HIV and AIDS: Overcoming stigma and stereotypes in Mozambique

Matilde Alfiado and a friend at the Mais-Vida clinic

At 22 years old, Matilde Alfiado and her friends aren’t afraid to ask for condoms. In the northern Mozambican costal village of Vilanculos, HIV prevalence has reached 12.5% and general understanding of HIV is low.

But Matilde learned first-hand of its seriousness and its devastating potential. It was just a few months ago when she first arrived at the Vilanculos Rural Hospital with a skin infection that had spread from one of her legs, to almost her entire body. She felt sick, with a cough and diarrhoea that had lasted for weeks.

The hospital, supported and funded through CARE’s HIV intervention programme, was able to treat her symptoms and perform blood tests. It turns out the skin infection and other problems were a result of her weak immune system due to being HIV positive. Within a week the clinic was able to start her on anti-retroviral medications to boost her immune system.

CARE's programme called Mais-Vida, meaning 'more life' in Portuguese, includes counselling and education for people living with HIV. The healthcare system of Mozambique is supported by training and educating government staff for early recognition of the symptoms of AIDS and in the precautionary measures available.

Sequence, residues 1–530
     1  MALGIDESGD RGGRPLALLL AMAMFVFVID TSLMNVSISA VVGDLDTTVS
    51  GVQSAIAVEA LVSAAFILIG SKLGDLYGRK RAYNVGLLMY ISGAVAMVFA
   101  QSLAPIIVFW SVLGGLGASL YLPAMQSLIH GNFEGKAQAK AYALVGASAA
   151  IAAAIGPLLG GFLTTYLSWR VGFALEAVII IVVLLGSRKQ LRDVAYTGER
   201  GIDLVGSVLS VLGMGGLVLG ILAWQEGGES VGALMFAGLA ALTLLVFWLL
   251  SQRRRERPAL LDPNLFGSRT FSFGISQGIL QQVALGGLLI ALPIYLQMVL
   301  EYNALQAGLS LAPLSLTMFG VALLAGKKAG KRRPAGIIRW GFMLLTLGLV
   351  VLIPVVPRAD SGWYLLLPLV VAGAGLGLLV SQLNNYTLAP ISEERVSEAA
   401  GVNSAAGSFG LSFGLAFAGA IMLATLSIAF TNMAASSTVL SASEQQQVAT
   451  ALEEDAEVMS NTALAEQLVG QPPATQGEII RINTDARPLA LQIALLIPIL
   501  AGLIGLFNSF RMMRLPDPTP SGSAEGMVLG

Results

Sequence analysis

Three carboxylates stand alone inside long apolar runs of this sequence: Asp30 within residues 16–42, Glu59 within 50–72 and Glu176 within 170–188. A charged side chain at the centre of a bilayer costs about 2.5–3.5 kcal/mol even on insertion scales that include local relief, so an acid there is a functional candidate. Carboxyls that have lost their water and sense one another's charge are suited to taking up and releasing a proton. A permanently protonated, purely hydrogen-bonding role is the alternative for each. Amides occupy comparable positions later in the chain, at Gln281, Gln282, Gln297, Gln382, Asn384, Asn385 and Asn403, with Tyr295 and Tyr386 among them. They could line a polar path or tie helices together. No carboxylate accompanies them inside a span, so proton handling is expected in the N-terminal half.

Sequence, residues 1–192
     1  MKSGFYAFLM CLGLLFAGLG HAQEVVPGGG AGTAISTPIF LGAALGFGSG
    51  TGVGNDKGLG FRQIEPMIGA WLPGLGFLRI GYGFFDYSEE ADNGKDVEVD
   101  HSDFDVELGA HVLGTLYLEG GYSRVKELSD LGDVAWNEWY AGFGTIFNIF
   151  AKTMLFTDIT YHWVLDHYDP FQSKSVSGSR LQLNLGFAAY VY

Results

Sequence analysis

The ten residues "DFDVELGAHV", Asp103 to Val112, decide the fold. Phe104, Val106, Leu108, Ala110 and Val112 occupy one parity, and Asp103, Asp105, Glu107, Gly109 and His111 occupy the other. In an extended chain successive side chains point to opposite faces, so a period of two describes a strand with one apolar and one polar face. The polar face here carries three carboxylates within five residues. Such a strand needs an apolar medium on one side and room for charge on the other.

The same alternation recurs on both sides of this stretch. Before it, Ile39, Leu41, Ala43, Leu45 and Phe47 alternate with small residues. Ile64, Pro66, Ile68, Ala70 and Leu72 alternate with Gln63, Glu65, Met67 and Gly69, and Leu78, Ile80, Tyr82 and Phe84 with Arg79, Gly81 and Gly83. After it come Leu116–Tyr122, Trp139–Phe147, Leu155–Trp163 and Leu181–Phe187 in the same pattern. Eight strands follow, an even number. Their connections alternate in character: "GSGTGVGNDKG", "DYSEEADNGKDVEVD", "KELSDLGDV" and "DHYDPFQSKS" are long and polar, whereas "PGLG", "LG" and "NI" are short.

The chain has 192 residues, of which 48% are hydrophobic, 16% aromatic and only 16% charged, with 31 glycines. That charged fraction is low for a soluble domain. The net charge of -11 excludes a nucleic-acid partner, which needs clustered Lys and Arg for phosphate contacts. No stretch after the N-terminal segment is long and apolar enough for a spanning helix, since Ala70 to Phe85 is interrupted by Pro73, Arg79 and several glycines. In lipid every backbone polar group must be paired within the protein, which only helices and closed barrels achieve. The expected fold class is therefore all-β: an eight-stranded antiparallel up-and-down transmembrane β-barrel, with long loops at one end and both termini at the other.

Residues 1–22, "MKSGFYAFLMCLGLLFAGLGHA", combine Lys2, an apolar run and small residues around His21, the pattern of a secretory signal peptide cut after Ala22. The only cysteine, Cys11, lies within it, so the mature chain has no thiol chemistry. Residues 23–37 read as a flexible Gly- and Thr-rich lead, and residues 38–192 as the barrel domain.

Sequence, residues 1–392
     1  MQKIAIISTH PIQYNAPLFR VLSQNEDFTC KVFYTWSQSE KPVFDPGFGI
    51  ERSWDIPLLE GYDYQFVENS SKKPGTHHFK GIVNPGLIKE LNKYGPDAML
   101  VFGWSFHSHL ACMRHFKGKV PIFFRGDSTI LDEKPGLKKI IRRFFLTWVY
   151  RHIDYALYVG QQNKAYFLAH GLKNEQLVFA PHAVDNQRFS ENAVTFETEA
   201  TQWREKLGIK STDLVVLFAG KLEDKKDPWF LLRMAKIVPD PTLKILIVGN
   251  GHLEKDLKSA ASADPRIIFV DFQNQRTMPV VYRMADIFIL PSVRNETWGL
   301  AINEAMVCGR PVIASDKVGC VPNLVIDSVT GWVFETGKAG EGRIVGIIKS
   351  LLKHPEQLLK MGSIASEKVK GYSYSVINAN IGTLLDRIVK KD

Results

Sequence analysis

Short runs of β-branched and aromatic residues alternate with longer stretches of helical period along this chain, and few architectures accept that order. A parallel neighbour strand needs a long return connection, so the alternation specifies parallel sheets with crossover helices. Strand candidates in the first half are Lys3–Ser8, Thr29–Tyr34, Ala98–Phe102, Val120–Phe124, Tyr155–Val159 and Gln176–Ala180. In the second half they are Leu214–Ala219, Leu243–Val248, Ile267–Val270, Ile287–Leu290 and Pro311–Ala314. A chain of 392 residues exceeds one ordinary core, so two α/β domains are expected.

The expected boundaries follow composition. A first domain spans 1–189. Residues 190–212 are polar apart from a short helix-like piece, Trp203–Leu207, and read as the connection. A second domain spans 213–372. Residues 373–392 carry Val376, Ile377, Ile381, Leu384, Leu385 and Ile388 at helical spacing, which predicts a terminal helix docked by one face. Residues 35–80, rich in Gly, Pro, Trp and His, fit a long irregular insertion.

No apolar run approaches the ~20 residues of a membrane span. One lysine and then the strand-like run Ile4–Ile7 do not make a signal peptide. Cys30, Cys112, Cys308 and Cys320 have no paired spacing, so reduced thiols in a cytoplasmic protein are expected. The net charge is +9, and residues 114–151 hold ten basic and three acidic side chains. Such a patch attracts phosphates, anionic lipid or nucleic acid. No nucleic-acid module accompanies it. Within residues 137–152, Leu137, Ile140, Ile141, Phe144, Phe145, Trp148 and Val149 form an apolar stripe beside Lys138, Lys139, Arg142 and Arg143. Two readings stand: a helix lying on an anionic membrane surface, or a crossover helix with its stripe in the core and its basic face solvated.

The Mais-Vida mobile clinic services reach even the most remote areas, and people who cannot make the trip to the hospital themselves. With the support of CARE’s interventions, the hospital has more than doubled the number of identified HIV cases in the three districts included in the programme, and 92 healthcare workers have been trained on identification, treatment and follow-up of HIV/AIDS and the common secondary infections.

Since her first visit to the Vilanculos Rural Hospital, Matilde has now become an advocate for diagnosing and treatment of HIV.

I tell my friends and family to come to the clinic to get tested. I've brought my mother, sister and 6 year old daughter - and all of their tests have come back negative.

Matilde is well aware that the education and the medicines she is receiving from CARE and the hospital have saved her life. "I don’t know what I would have done if the clinic was not here", she said. "I was so sick and my family didn’t have any way to help me."

Now she comes regularly to the clinic for support, counselling and medicine to keep her immune system strong. She has no re-occurring signs of the infection and has gained 11 kilos since she first came to the hospital.

"This is one of our main indicators that the medications are working," says CARE project director Doctor Giwa. "I was here when Matilde first came into the hospital, she was thin and covered in a skin infection. The anti-viral medication cleared up her secondary symptoms and allowed her the opportunity to enjoy her life."

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News and stories are provided by CARE staff working to support our emergency responses and long-term development programmes.